This is located to the NW, about half way up the sky. This may be visible over the house. It is two open clusters of stars close together in the Milky Way. They seem to have formed together, about 12.8 million years ago and are both 7500 light years away.
M36, M37, M38
These three open clusters in Auriga are all high to the SW. They are 4 to 5 thousand light years away.
These are a couple of open clusters fairly low to the South. M46 contains a planetary nebula.
M42: The Orion Nebula
This is a huge star forming region, made of a vast cloud of gas and dust. Stars are forming and some of the brighter ones are illuminating the centre of the cluster. These show as the Trapezium.
It’s about 1,344 light years away and is visible to the naked eye as a fuzzy blob under the belt of Orion. It is about 24 light years across and 2000 times the mass of the Sun.
NGC2392: Eskimo Nebula
This is a planetary nebula in Gemini. It is about 3,000 light years away. Visually it shows as a fuzzy star. We think that the Sun will form a similar planetary nebula at the end of its life, in 4 to 5 billion years.
This is a globular cluster in Bootes, low to the E. It’s a cluster of about 500,000 stars, 33,900 light years away and 8 billion years old.
This is a three degree chain of stars ending with a small open cluster. It is high to the NW.
M82: Cigar Galaxy
This is located almost overhead in the NE. It’s visible in telescopes as a fuzzy oval. Its centre is a region where large numbers of stars are being formed. A Supernova was discovered in M82 on the 21st January. It may still be visible just to the side of the centre as a tiny star. The galaxy is about 12 million light years away so that’s when the supernova actually happened. M81, Bode’s Nebula is nearby. This is a large spiral galaxy.
M51: The Whirlpool Galaxy
This is also almost overhead near the tail of the Big Dipper. It is a face on spiral galaxy with a smaller companion. Our small telescopes only show the core of the galaxy but images show the spiral arms.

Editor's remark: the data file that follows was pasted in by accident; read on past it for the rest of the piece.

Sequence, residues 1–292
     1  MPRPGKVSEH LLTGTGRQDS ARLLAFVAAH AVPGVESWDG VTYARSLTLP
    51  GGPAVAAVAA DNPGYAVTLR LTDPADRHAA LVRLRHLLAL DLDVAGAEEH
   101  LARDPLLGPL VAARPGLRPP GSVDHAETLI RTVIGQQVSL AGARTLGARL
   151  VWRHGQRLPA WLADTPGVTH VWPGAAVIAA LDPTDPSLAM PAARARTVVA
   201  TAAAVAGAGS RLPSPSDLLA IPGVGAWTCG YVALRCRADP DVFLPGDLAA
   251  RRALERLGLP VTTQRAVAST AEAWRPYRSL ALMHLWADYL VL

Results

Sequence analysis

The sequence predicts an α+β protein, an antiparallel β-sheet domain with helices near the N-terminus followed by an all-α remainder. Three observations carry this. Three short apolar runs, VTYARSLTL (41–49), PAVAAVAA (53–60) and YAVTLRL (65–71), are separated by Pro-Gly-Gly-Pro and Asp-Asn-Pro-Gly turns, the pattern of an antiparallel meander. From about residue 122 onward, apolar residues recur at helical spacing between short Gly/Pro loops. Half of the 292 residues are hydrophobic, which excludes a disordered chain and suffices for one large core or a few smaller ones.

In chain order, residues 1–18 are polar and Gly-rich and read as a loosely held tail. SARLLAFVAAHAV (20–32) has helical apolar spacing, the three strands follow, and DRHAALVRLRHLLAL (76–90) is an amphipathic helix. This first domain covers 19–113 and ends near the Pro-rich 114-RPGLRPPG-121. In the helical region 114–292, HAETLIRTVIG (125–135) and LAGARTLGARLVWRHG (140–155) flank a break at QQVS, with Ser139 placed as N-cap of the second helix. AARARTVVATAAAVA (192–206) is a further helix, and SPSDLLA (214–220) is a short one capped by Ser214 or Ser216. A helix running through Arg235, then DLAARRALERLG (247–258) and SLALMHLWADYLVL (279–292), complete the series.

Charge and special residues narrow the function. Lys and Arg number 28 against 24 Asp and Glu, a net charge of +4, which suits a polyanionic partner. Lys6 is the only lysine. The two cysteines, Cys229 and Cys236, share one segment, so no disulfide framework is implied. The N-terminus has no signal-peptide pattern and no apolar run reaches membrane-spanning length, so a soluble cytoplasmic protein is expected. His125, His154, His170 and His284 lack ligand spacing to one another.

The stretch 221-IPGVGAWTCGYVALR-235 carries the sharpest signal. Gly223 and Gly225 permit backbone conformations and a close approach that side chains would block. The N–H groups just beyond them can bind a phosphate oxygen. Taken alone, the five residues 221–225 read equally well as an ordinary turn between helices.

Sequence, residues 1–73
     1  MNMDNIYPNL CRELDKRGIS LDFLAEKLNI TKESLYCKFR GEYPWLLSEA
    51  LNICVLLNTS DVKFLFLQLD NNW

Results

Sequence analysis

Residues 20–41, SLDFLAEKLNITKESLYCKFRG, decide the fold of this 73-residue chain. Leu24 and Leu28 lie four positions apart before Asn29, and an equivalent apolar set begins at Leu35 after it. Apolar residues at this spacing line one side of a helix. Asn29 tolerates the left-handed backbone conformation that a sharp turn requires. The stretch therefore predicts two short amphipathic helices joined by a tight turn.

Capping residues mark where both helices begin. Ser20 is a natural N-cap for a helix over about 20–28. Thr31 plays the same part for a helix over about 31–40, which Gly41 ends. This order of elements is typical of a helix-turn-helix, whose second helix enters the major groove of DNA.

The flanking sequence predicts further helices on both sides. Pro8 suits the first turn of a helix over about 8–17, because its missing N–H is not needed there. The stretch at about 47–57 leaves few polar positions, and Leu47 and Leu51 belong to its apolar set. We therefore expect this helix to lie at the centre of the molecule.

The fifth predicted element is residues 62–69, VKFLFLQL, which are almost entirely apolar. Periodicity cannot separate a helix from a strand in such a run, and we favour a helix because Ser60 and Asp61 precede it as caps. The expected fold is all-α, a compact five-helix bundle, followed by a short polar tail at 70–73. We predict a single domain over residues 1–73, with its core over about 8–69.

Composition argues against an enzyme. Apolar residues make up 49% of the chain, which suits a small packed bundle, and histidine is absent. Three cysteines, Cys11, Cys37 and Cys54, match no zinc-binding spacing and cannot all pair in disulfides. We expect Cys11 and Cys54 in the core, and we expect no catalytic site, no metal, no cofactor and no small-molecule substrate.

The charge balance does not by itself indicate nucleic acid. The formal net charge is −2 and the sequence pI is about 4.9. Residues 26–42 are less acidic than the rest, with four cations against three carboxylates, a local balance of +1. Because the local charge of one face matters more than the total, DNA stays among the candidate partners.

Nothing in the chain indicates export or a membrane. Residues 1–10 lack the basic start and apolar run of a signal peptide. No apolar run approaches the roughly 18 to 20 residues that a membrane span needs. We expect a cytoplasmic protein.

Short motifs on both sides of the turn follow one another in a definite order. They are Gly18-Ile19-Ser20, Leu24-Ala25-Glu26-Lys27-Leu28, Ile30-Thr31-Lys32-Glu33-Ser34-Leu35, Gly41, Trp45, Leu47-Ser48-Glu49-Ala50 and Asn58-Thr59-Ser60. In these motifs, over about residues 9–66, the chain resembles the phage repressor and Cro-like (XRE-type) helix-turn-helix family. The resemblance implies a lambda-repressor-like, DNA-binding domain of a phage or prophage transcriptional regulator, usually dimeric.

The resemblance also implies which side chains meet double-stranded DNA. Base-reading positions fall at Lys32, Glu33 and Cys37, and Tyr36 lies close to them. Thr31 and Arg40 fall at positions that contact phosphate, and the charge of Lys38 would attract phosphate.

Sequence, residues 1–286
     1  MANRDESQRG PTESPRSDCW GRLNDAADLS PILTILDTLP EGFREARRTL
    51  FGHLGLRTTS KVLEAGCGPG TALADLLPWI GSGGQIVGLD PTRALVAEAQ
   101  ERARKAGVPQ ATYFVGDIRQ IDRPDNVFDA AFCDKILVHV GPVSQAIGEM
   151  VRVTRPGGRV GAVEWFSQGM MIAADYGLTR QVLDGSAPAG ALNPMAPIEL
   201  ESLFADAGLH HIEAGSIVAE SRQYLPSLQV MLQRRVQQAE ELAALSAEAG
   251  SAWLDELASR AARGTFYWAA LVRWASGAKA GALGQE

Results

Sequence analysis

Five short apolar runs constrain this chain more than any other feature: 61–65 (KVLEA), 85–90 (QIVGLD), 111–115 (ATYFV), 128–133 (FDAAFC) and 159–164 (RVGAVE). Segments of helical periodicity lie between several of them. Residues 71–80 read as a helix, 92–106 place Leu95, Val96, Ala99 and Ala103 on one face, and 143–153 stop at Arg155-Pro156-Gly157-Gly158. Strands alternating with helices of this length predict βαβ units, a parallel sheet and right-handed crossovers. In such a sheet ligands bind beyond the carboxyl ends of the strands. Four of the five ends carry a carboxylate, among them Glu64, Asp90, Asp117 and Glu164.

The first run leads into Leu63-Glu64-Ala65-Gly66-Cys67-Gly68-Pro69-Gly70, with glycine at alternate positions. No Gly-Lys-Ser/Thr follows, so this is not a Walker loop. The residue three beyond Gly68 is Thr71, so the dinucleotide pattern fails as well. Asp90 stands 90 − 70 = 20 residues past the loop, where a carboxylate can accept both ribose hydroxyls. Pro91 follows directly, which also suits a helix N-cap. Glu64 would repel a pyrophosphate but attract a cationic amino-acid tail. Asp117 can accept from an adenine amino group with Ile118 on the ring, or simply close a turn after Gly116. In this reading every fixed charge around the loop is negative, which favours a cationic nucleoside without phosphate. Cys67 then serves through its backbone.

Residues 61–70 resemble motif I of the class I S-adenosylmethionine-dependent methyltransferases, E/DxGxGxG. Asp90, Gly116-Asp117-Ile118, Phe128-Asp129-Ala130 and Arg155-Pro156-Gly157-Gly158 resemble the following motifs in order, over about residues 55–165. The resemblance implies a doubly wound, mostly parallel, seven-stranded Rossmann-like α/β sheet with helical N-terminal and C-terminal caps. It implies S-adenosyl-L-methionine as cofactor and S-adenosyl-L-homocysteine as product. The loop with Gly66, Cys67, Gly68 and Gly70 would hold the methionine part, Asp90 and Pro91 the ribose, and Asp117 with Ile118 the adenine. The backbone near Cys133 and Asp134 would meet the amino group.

M31: The Andromeda Nebula
This is currently fairly low in the NW. It may not be visible because the house is in the way. This is the closest large galaxy to us, about 2 million light years away. It’s about 3 degrees across and the centre is visible to the naked eye in dark skies. Telescopes show the central core, you need long exposure images to produce the spectacular images we all expect.
What are these M numbers?
These objects were first catalogued by Charles Messier and his collaborators in France in 1771. He was searching for comets and made a list of objects that looked like comets but were not. There are a total of 110 Messier objects.
Where are the other Planets?
Mars and Saturn are morning objects; they will become visible earlier in the evening as the year goes on. Mars will be in opposition in just over a month on the 8th April. A good time to observe Mars will be in April and May. Saturn will be at opposition on the 10th May so will be visible from May to July.
Venus is an early Morning object, rising before the Sun. It will be visible throughout the spring and summer.
Mercury will be visible in the early evening over the next few weeks, with the best opportunity on the 14th March. It is low to the W and is best seen not long after sunset. It’s difficult to see because it’s so low and in the twilight sky.